United Nations Mission in South Sudan (UNMISS) recently held a two-day workshop for women’s leaders in Torit, Eastern Equatoria

United Nations Mission in South Sudan (UNMISS) recently held a two-day workshop for women’s leaders in Torit, Eastern Equatoria

Hope filled the air in South Sudan, the world’s youngest nation, when parties to the conflict signed the Revitalized Peace Agreement to put an end to the country’s ongoing civil wars.

The conditions that must now be met for the peace agreement to be fully implemented are not being met.

Due to the little time left before the current transitional period ends with the holding of free, fair, and credible elections, it is urgently necessary to inject new momentum into ongoing peace initiatives.

A lasting peace depends on women’s full and equal participation in the political life of the country.

As a result, in Torit, Eastern Equatoria, the United Nations Mission in South Sudan (UNMISS) recently organised a two-day workshop for women leaders.

The aim was to strengthen their abilities in lobbying for inclusion of women in leadership roles and governance.

“Many of our problems as women come from entrenched patriarchal traditions and practices; changing the culture and the mindset of a nation takes time and is an uphill task, said Jennifer Nabongorika, the state Minister of Gender, Child, and Social Welfare. “But as women leaders, we cannot give up,” she added.

Interactive sessions focused on challenges faced by women leaders, as well as on improving the knowledge, skills, and strategies in good governance of participants.

Facilitated by Edmund Yakani, Executive Director of Community Empowerment for Progress Organization (CEPO), and by two representatives of the South Sudan Women Peace Monitoring and Advocacy Group, Theresa Siricio and Philister Baya, free and frank discussions among the 35 women’s representatives, mostly drawn from the State Legislative Assembly, and five male gender champions, including the Chief Whip of the Assembly, were illuminating.

“Women—many of them at least— are excluded from leadership positions on the grounds that they lack capacity. Some traditional beliefs and years of civil war, which impacted women disproportionately, are root causes of this. Building their capabilities is time intensive; it is not a matter of weeks or months but requires sustained commitment from everybody. However, this shouldn’t stop us from accelerating trainings and speaking up for equal opportunities,” asserted Peter Oting Carlo, Chief Whip, Eastern Equatoria State Legislative Assembly.

“Women constitute 50 per cent of any society and upholding their rights is critical for any country to progress.”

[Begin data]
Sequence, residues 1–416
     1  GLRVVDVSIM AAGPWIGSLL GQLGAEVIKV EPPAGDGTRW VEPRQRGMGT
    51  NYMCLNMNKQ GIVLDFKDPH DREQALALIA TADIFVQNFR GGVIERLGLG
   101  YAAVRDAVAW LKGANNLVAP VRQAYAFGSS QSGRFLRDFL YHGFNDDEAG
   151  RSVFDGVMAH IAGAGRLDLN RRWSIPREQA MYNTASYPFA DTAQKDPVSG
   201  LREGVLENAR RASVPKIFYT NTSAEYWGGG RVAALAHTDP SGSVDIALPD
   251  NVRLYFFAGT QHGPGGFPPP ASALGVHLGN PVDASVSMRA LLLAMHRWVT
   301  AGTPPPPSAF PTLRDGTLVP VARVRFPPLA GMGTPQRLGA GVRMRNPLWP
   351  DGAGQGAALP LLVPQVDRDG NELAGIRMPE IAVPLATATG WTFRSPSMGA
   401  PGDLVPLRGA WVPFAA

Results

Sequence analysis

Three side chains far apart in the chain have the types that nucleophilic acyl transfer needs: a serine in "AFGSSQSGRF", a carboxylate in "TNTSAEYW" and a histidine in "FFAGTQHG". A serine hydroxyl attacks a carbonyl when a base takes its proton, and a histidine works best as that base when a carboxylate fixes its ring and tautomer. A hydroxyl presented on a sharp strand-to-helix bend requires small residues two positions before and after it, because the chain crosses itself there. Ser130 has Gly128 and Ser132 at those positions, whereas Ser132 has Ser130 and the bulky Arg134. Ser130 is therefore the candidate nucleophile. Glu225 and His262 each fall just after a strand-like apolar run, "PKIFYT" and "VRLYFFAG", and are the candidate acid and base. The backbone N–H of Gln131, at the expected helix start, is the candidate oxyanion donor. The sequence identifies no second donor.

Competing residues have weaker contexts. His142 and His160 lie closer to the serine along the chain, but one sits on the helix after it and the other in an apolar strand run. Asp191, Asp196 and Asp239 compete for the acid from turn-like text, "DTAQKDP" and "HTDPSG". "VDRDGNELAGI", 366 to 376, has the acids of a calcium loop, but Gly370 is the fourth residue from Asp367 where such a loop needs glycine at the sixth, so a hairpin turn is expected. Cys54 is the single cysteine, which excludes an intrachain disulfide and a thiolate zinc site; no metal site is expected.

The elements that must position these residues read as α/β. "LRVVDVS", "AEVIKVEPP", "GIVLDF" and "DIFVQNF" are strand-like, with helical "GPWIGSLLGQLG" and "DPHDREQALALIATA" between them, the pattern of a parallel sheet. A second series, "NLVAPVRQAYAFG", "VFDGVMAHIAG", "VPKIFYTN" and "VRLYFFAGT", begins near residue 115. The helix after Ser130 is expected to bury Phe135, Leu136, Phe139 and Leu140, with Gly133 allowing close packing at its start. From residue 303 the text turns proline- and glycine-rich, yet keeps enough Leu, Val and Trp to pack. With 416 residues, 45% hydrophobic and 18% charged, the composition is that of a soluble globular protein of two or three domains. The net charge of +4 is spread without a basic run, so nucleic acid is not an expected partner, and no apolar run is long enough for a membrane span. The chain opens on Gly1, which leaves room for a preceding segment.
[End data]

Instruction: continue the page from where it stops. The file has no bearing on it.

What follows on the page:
For Angela Achiro Onorio, a parliamentarian, given the right support, women can do anything their male counterparts can.

“Most days, I am in my county, raising awareness and mobilizing women to speak up for the right to actively participate in nation-building,” she revealed.

“In my opinion, increasing women’s participation in security sector reform, in particular, is crucial.”

Theresa Siricio, one of the discussion facilitators and Chair of the South Sudan Women Peace Monitoring and Advocacy Group, shared positive developments. “As we have continued such sensitization activities, we have noted a marked change in attitudes and growing appreciation of the insight brought by women in leadership positions. Our hope is that this positive trend trickles to the grassroots as well,” she shared.

Much more needs to be done, though.

“We appreciate the appointment of 30 women out of 100 parliamentarians from various political parties to the Eastern Equatorian State Legislative Assembly. It is an important step towards ensuring full and equal participation of women in public life and service delivery at all levels,” said Caroline Waudo, the Head of the UNMISS Field Office in the state.

“However, upholding women’s rights isn’t merely limited to governance. Women and young girls must be involved at every step—within families, within communities—in shaping decisions on issues that impact them directly.”

The workshop, which was based on the historic UN Security Council Resolution 1325 on Women, Peace, and Security, came to a successful conclusion with a number of helpful recommendations, including strengthening partnerships to advance microfinancing for women-led projects, running adult literacy programmes in all counties of Eastern Equatoria, enlisting media partners to raise awareness of gender provisions in the Peace Agreement, and ensuring the presence of social workers in the counties.

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